The U.S. & California: Leaders of the Un-free World
By Mary Coomes and Paul Gilroy
The U.S. Leads the World in its Per Capita Incarceration Rate.Out of every 100,000 American men, 1,100 are in jail.Because of a passion for arrests and a dedication to longer and longer sentences, our jails now bulge with more than 2 million souls.
It’s time to ask ourselves some questions.Who created this situation and why?What is us costing us, not just monetarily, but morally, to put so many of our fellow citizens behind bars?And if we don’t want to be regarded as a 20th century Dickensian nightmare, what can we do to create a better legacy for our time?
First, some background.Until the 1970s, our rate of incarceration held steady at around 110 prison inmates for every 100,000 people.But in the 1980s and 90s, the rate quadrupled.And in 1998, it stood at 445 per 100,000.During those two decades, the nation added about 1,000 new prisons and jails.We began to develop, as some have called it, a “prison industrial complex.”
California: A case study
In 1977, California prisons held 19,600 inmates.According to recent statistics from the California Department of Corrections, the number of prisoners in California’s (now 33) state prisons has reached 160,655-- that’s an incarceration rate of 467 per 100,000 people (not including prisoners in county jails). Today, after the construction of 21 new prisons between 1978 to 1998 at a cost of 5.2 billion dollars, California now has the largest prison system in the western industrialized world.It holds more people in its prisons than any other state system.And California has more people in its jails and prisons than do France, Great Britain, Germany, Japan, Singapore and the Netherlands combined.Even with all the new construction, the California system is the most overcrowded prison system in the country.
These figures reveal a tremendous expansion of the prison system in the U.S. and in California. More importantly though, the numbers force us to face the fact that such growth is unsustainable without a major shift in state government funding priorities.And no matter how much we might value fighting crime, it seems clear that a society that loudly recites a mantra of“freedom” while locking up more people than any other country in the world has a serious problem.
How did we get into this mess?It has to do with a shift in the political climate over the last thirty some years.Beginning in the late 60s, elected leaders began moving toward a “Law and Order” politics, which was in large part a backlash against the perceived lawlessness of the 1960s -- uprisings in the cities, civil disobedience in support of civil rights and against the Vietnam war.Conservatives who feared the growing unwillingness of many in society to stay in their place called for a crackdown on this “disorder.”The emphasis on Law and Order, pushed by political figures like George Wallace, Richard Nixon, and Ronald Reagan, meant a more punitive attitude toward criminal justice issues.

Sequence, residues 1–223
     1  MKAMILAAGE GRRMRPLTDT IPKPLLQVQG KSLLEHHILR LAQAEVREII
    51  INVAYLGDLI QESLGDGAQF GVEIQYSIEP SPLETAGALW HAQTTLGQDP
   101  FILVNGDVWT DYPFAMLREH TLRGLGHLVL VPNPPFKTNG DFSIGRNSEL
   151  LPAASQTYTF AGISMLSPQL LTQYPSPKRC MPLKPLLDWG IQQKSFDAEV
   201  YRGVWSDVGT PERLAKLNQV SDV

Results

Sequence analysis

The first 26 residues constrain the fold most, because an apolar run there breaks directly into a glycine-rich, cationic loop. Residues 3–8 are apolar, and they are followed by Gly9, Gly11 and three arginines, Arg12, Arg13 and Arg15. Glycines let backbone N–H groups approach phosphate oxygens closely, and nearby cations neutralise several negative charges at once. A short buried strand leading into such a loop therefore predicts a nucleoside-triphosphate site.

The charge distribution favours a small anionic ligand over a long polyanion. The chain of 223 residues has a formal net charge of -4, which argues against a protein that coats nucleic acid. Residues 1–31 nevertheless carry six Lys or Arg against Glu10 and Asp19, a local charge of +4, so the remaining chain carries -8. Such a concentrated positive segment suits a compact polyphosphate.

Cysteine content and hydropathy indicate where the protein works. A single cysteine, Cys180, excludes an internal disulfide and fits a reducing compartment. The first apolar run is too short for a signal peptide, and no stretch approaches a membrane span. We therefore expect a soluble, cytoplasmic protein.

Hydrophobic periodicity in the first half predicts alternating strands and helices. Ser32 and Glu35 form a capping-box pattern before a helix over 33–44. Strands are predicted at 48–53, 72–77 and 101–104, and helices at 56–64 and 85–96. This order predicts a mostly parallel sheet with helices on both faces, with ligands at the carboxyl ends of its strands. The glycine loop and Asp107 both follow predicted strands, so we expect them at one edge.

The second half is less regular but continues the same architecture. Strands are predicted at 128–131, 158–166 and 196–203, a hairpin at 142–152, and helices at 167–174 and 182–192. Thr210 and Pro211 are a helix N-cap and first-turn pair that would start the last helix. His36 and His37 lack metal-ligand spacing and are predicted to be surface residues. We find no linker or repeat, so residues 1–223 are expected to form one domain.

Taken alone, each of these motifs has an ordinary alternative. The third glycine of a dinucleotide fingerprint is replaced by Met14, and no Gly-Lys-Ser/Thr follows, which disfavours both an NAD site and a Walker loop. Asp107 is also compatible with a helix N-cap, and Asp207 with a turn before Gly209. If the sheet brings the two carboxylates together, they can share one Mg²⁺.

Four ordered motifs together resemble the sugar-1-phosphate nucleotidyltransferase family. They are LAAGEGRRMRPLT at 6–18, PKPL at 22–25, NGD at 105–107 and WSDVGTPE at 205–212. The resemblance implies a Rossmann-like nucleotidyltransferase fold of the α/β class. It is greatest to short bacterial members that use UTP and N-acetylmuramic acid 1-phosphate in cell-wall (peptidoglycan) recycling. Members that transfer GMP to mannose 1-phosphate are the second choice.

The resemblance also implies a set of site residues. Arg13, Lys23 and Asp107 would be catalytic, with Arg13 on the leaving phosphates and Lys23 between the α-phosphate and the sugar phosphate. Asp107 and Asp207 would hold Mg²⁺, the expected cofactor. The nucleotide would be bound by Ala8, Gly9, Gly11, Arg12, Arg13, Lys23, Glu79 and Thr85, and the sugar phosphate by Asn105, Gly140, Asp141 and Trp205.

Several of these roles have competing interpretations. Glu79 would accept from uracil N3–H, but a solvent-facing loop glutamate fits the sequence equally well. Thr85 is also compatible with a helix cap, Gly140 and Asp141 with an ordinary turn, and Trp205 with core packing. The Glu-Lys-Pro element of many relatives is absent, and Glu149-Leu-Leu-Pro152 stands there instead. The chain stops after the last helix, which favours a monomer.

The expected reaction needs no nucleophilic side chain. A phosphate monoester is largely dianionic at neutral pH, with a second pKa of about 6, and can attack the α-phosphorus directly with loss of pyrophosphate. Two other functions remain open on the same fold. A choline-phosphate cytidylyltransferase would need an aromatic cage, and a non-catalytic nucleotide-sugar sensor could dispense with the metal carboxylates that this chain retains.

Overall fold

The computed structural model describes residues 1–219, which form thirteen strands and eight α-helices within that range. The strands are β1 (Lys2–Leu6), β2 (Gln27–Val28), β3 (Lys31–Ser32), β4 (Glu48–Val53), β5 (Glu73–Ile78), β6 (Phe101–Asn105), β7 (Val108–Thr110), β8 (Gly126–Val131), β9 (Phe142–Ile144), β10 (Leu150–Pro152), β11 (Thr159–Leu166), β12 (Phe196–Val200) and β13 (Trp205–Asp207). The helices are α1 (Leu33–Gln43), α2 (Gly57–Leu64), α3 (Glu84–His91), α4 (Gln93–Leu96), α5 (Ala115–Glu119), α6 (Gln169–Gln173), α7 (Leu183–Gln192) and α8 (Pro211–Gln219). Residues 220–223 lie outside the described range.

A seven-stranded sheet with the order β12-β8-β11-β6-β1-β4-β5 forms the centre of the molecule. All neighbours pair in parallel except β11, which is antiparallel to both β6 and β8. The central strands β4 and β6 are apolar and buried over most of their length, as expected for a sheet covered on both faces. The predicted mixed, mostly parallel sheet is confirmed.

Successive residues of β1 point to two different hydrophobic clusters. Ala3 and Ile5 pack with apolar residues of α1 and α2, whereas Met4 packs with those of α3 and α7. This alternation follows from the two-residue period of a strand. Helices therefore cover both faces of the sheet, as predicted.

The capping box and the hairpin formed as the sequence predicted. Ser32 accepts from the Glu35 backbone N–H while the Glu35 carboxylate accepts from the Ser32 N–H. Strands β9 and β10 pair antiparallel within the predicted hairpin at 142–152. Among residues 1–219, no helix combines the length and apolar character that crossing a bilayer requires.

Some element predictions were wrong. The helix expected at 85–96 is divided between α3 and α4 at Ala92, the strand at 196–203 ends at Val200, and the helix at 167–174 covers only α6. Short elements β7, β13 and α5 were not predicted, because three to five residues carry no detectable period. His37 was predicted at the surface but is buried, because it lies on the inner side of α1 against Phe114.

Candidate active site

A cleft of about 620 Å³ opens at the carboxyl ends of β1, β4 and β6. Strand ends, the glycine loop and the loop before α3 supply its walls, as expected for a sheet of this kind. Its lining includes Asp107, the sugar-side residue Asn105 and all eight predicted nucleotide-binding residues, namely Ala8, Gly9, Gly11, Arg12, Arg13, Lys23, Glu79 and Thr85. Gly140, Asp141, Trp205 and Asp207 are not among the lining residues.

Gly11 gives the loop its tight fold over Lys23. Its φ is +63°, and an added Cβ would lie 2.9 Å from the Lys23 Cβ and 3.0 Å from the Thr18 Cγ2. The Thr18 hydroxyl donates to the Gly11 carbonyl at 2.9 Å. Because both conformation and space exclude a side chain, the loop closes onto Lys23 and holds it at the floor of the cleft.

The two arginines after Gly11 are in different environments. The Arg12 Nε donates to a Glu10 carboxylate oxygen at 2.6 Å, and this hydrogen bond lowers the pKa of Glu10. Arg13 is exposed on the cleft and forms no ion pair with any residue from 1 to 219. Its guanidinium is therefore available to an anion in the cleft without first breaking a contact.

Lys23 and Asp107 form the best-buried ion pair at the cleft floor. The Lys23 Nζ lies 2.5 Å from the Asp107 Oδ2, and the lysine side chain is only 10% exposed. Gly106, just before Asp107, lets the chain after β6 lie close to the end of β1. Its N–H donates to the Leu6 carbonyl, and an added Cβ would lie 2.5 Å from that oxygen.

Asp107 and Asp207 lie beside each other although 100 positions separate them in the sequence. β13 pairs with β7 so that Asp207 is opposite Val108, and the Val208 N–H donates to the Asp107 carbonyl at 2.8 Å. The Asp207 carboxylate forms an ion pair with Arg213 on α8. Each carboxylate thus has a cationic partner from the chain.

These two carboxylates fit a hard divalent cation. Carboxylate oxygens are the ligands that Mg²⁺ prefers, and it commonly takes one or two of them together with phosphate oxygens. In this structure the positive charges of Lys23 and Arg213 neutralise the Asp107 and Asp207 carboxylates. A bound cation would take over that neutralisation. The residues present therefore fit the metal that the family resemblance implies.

Today, we are accustomed to a political climate in which our elected leaders compete with one another to be seen as “tough on crime.”Imagine a governor in the early 1990s signing a bill that contained an inmate bill of rights and included a limited program of conjugal visits.It would have been political suicide.The fact that none other than Governor Ronald Reagan signed such a bill into law in 1968 illustrates how drastically attitudes about punishment and reform have shifted over the past few decades.
Until the 1970s, the California prison system pursued-at least in theory-a policy of rehabilitating prisoners.The rehabilitative ideal meant that prisons served to prepare criminals to reenter society and become productive citizens.Sentencing under this system was indeterminate; the legislature set the maximum sentence for particular crimes-not minimums.Judges and the parole board, known as the Adult Authority, tried to fit the punishment to the individual and would release the prisoner when they considered him or her fit to re-enter society.
But there was no place for rehabilitation within the new politics of Law and Order in the 1970s.Thus, even supposedly liberal Democratic Governor Jerry Brown-- to appear tough on crime-- signed the bill that replaced indeterminate sentencing with fixed sentences.Significantly, that law also removed from the penal code language declaring that rehabilitation was the ultimate goal of the system and replaced that language with “punishment.”
Under Governors Deukmejian in the 1980s, and Pete Wilson and Gray Davis too in the 1990s, the tough-on-crime policies have continued.In the 1990s the California legislature pushed through over 400 bills increasing prison sentences and others that required mandatory sentences for certain crimes.
In 1994, California under Pete Wilson passed one of the first and harshest “Three Strikes, You’re Out” laws in the nation.And it wasn’t just lawmakers who supported this.California voters passed the same law again in the form of an initiative.Under the law, prosecutors could call for special penalties for those convicted of second or third felonies if the first was a serious or violent felony.Under three-strikes, most sentences double after the second offense and increase to 25 to life after the third.